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November 12, 2015

Ways & means to control dengue fever outbreaks during off-season

Islamabad

November 12, 2015

Islamabad
During the off-season, the main action against dengue vectors is reportedly fogging (space spraying) with insecticides, followed in frequency by water treatment of stagnant water ponds and over flowing water in buildings by temephos granules, container checking and health education to community.
Also visits by inspectors from the vector control section of the health departments are required to sites that are regarded as hot spots as a regular feature. Solid waste remains a major risk factor and its swift disposal is the main challenging job for the municipal authorities and the local government departments.
Assistant District Health Officer at Islamabad Capital Territory Health Department Dr. Najeeb Durrani, who is a member of The Global Outbreak Alert and Response Network (GOARN), expressed this while talking to ‘The News’ on Wednesday on what is needed to be done particularly during off season to make twin cities of Islamabad and Rawalpindi dengue-free in future, in 2016.
He said the outbreak in Islamabad has come to an end and only three confirmed patients of the infection have been undergoing treatment in the federal capital on Wednesday, at Pakistan Institute of Medical Sciences while no case of the infection has been reported in last two days.
Dengue fever, which is the fastest re-emerging arboviral disease in the world, imposes a heavy economic and health burden on countries, families and individual patients. In the absence of an effective drug or vaccine, the only strategic options presently available are case management to prevent death and vector control to reduce viral transmission, he added.
He said large dengue outbreaks continue to occur every year and the disease is extending to new geographical areas. In general, high humidity and temperature are conditions that favour mosquito survival, increasing the likelihood of transmission that requires an infected traveler in the season, he explained.
To a query, he

said dengue outbreaks can occur anytime, as long as the mosquitoes are still active, however, in general, high humidity and temperature play vital role in transmission of the disease. The best preventive measure for areas infested with Aedes Aegypti mosquito is to eliminate the mosquitoes’ egg laying sites – called source reduction. Lowering the number of eggs, larvae and pupae will reduce the number of emerging adult mosquitoes and the transmission of the disease, he said.
He added that in general, the egg laying sites are surfaces of water containers including drums, pitchers and like items so it is necessary to clear these utensils by scrubbing. He said a female Aedes mosquito lays 200 to 300 eggs which can survive for months and transform into larvae and pupae and then into adult mosquitoes on getting suitable temperature and aquatic conditions even after six months.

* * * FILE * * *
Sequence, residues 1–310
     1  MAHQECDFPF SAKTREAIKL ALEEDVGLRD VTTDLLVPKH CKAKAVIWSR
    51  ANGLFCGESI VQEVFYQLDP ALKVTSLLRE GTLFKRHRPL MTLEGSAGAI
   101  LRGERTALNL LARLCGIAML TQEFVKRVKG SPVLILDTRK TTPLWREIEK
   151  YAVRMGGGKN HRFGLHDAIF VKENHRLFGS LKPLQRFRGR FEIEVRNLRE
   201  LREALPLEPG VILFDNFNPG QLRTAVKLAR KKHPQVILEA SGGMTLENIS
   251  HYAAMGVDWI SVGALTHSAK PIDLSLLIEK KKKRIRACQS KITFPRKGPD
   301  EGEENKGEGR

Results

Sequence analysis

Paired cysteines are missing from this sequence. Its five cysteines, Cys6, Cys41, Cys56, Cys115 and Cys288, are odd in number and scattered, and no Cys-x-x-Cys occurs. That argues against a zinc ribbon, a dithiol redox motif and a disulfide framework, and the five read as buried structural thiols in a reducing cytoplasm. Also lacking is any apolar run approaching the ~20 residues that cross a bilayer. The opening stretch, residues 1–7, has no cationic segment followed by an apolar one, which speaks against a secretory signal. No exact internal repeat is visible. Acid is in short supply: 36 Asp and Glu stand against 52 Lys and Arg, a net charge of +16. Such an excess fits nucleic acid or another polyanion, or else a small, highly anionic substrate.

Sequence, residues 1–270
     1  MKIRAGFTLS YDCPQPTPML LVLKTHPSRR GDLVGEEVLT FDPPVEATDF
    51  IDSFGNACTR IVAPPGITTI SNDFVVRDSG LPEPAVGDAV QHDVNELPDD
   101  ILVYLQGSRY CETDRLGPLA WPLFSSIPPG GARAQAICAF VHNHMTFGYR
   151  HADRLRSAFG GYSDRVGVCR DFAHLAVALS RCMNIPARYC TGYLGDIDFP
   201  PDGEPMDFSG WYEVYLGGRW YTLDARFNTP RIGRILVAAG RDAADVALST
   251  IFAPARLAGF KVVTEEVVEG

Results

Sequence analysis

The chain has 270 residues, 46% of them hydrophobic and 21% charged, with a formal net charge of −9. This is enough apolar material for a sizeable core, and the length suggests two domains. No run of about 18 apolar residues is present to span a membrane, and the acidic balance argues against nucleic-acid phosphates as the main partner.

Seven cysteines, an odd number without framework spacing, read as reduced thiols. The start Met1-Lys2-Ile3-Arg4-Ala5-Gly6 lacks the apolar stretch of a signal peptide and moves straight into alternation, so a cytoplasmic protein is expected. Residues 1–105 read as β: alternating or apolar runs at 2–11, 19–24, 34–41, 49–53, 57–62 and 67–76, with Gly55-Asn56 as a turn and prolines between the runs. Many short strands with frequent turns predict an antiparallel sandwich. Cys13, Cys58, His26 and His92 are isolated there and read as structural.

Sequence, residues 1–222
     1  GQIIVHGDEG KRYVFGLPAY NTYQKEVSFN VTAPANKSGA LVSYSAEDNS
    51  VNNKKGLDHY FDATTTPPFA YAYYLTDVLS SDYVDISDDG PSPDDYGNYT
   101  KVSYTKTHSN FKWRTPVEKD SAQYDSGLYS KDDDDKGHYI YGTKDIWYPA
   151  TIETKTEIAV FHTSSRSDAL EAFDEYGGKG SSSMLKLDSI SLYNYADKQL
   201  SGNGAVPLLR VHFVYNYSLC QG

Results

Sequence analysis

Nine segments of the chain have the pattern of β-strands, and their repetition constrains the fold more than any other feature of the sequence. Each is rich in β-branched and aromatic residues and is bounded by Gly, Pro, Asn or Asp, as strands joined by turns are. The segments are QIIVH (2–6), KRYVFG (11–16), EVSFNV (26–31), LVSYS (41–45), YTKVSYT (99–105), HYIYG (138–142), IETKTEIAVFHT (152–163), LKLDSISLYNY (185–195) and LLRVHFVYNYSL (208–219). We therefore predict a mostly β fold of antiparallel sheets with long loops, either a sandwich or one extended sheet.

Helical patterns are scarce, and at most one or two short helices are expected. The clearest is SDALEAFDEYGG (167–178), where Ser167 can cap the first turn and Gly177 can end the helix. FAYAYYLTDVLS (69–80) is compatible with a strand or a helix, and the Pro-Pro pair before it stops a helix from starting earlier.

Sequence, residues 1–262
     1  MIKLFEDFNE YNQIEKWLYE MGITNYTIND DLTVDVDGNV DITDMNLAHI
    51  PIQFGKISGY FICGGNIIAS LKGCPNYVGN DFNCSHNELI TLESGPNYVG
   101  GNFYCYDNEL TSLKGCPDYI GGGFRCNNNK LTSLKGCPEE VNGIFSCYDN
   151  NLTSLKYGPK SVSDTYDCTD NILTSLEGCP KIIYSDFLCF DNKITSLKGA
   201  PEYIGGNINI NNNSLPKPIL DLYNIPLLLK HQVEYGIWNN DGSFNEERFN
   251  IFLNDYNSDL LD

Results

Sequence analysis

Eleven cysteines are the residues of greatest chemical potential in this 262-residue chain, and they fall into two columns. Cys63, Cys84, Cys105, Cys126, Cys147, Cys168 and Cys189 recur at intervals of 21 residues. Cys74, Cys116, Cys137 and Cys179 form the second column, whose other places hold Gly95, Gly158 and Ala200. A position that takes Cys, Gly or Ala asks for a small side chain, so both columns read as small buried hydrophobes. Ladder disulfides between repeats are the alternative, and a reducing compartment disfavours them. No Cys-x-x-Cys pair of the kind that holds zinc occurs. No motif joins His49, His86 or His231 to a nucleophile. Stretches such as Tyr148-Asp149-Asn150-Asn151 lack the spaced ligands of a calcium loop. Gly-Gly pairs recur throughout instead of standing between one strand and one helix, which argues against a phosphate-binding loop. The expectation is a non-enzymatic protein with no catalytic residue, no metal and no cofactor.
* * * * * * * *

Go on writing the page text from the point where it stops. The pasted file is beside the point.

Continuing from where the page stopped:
He suggested that items that collect rainwater or are used to store water should be covered or properly discarded. The remaining essential containers should be emptied and cleaned and scrubbed to remove eggs at least once a week. This will avoid the adult mosquitoes to emerge from the egg, larva or pupa stage. The underground and the overhead water tanks and water containers should be scrubbed for removing any eggs that might have been laid by the mosquitoes in the end of dengue fever season before the winter falls. These eggs if not removed will transform into mosquitoes after hatching in next summer when the weather both temperature and humidity become favorable, he explained.
To a query, he said in fact, the community participation is the key to dengue prevention. As every household aims to reduce vector density, the transmission rate will decrease or maybe even stop.
He added adult mosquitoes usually rest indoors in dark areas (closets, under beds, behind curtains). Here it is protected from wind, rain and most predators, which increases its life expectancy and the probability that it will live long enough to pick up a virus from one person and pass it on to the next, he said.
Dr. Durrani is of the view that since the temperature sensitive mosquitoes are at this point in time are moving indoors in search of warmer places to stay protected and maintain their ability to move and fly; this is high time that the community should know to kill these indoor mosquitoes with insecticide residual spray and secondly the windows and door screens are advised to be installed at the entry points of every house.
He said that mosquito nets or insecticide-treated nets should be stock piled by the health departments and the National Malaria Control Programme in ample amount for the next dengue season that may start in August and ends in the month of November. Household insecticides aerosols, mosquito coils or other insecticide vaporizers may reduce biting activity, he said.
Individuals must clear indoor hot spots including flower vases and saucers, water storage tank including domestic drinking water, bathroom etc, plastic containers and bottles while outdoor hot spots including discarded bottles and tins, discarded tyres, artificial containers, tree holes, potholes, construction sites, drums for collecting rainwater, shells, husks, pods from trees and leaf axils of various plants are needed to be removed or cleared from eggs, concluded Dr. Durrani.

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